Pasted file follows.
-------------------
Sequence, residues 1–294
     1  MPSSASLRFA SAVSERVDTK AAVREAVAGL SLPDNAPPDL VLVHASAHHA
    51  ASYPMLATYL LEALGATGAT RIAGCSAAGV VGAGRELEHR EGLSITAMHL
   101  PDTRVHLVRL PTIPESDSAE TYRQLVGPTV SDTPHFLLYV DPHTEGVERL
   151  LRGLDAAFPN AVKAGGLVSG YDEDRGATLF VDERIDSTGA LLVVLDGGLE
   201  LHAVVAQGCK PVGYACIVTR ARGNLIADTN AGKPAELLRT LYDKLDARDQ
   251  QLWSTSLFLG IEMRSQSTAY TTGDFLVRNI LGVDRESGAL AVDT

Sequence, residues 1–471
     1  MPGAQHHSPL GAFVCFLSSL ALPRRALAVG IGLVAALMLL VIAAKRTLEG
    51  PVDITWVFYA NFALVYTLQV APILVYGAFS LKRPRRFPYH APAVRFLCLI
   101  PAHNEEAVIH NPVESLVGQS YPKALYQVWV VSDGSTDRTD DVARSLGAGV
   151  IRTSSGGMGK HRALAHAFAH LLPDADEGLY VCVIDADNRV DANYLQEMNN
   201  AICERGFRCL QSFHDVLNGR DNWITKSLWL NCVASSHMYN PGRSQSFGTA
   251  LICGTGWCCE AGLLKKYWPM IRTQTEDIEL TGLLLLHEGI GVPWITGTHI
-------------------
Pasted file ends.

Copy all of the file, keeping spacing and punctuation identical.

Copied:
Sequence, residues 1–294
     1  MPSSASLRFA SAVSERVDTK AAVREAVAGL SLPDNAPPDL VLVHASAHHA
    51  ASYPMLATYL LEALGATGAT RIAGCSAAGV VGAGRELEHR EGLSITAMHL
   101  PDTRVHLVRL PTIPESDSAE TYRQLVGPTV SDTPHFLLYV DPHTEGVERL
   151  LRGLDAAFPN AVKAGGLVSG YDEDRGATLF VDERIDSTGA LLVVLDGGLE
   201  LHAVVAQGCK PVGYACIVTR ARGNLIADTN AGKPAELLRT LYDKLDARDQ
   251  QLWSTSLFLG IEMRSQSTAY TTGDFLVRNI LGVDRESGAL AVDT

Sequence, residues 1–471
     1  MPGAQHHSPL GAFVCFLSSL ALPRRALAVG IGLVAALMLL VIAAKRTLEG
    51  PVDITWVFYA NFALVYTLQV APILVYGAFS LKRPRRFPYH APAVRFLCLI
   101  PAHNEEAVIH NPVESLVGQS YPKALYQVWV VSDGSTDRTD DVARSLGAGV
   151  IRTSSGGMGK HRALAHAFAH LLPDADEGLY VCVIDADNRV DANYLQEMNN
   201  AICERGFRCL QSFHDVLNGR DNWITKSLWL NCVASSHMYN PGRSQSFGTA
   251  LICGTGWCCE AGLLKKYWPM IRTQTEDIEL TGLLLLHEGI GVPWITGTHI